Gov. Jay Inslee declared a statewide drought emergency on Friday due to “unprecedented” low snowpack in the mountains, where he said glacier lily flowers are blooming in areas where there should be more than 6 feet of snow.
“It’s really unlike anything we’ve experienced. Rain has been normal. What we’ve lacked is snow,” said the governor, who termed it a “snowpack drought.”
Of the 98 snow sites in Washington measured in May by the U.S. Natural Resources Conservation Service, 66 sites have little to no snow — with 11 sites “snow-free for the first time ever,” Inslee said.
The lack of snowpack is resulting in historic river lows, and irrigation districts are being forced to tap reservoirs earlier than normal.
Farmers are expected to bear the brunt of the drought. The Dept of Agriculture is projecting $1.2 billion in crop losses due to the drought this year, according to Inslee. To extend water supplies, irrigation districts in the Yakima Basin are turning off water for weeks at a time.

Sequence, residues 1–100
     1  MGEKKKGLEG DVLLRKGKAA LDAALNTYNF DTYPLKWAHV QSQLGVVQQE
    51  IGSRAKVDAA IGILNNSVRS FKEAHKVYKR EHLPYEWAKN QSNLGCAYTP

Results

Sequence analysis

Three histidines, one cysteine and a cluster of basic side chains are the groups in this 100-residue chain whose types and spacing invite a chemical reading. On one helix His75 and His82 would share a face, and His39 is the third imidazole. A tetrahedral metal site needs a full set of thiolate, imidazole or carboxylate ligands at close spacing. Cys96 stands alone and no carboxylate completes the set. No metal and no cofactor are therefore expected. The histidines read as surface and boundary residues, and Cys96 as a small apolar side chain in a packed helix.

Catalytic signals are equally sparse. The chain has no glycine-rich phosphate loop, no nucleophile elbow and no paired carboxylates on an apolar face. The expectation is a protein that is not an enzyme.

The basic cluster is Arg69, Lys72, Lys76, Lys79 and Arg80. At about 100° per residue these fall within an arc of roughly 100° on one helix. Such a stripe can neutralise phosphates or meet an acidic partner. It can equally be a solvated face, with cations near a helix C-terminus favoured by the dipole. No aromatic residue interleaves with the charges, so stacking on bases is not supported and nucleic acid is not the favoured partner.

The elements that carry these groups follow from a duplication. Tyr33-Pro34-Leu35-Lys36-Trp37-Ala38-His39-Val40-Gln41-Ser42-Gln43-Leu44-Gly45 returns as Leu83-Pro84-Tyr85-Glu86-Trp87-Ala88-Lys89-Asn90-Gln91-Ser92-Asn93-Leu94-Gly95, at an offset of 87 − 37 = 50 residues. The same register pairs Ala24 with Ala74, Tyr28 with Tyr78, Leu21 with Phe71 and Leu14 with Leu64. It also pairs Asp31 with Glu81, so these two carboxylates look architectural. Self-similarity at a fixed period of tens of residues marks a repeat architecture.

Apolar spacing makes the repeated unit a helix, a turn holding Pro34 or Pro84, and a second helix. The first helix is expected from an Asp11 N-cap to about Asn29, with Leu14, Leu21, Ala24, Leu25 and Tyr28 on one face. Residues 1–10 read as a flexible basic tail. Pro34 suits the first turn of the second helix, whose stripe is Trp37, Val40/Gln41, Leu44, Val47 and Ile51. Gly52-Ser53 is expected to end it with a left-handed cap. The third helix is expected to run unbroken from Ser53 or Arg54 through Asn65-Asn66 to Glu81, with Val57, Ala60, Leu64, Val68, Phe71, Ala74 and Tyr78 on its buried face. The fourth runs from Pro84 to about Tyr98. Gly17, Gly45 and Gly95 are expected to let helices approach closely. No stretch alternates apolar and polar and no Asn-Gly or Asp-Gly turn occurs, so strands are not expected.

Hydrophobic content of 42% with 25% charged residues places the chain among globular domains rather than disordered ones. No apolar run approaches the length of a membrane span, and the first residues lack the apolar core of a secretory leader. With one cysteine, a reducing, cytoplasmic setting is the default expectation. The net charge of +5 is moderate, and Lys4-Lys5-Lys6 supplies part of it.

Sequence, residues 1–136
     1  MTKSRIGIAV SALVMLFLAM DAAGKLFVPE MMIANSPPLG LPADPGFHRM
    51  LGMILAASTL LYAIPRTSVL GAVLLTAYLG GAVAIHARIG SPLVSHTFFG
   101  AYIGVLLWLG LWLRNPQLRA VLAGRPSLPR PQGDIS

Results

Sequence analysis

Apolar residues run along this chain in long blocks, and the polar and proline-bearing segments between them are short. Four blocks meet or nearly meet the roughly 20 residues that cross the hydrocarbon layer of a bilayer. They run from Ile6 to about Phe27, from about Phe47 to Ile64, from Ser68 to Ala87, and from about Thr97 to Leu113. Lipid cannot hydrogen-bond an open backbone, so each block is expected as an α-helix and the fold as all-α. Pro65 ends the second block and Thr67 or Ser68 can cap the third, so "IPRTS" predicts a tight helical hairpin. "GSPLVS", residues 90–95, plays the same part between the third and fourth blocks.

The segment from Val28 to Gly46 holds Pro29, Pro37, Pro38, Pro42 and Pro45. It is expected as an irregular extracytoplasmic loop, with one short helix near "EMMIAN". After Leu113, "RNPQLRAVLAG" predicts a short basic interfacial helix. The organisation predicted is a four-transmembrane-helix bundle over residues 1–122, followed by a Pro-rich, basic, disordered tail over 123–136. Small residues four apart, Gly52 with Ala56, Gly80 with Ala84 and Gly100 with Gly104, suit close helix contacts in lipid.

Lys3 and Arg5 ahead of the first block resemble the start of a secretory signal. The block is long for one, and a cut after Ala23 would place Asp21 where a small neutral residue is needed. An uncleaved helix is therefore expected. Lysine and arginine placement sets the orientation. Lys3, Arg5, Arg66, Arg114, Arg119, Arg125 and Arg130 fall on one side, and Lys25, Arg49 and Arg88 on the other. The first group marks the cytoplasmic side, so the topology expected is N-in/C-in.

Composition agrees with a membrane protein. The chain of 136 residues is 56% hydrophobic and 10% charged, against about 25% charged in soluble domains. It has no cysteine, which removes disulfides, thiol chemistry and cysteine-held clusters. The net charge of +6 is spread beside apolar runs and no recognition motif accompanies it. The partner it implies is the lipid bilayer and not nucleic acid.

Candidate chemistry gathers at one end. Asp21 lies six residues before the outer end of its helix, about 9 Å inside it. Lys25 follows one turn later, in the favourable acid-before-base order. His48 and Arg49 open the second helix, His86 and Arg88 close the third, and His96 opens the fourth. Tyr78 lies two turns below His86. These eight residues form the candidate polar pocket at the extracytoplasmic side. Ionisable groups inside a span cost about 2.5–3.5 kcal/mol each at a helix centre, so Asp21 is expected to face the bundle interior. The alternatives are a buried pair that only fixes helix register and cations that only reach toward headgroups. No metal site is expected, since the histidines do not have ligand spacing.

“We are already seeing severe impacts in several areas of the state and conditions are expected to worsen over time,” Inslee said. “Difficult decisions are being made today about what crops gets priority in our vital agricultural region.”
When deciding which crops will get emergency water assistance from the state Dept. of Ecology, agency director Maia Bellon said the department takes into consideration the value of the crop and expense of replanting.
Allowing an annual crop to fallow is less expensive, she said, when compared to perennial crops like pears, cherries and hops. “It is much more expensive to replant a pear orchard,” Bellon said.
Puget Sound residents are unlikely to be impacted by the drought, although officials say they should be mindful of water use. Large municipal water districts in cities like Seattle, Tacoma and Everett have adequate water storage and don’t anticipate shortages, Inslee said.
“Use what you need, no more, don’t waste,” said Ginny Stern of the Dept. of Health.
Watch the press conference below: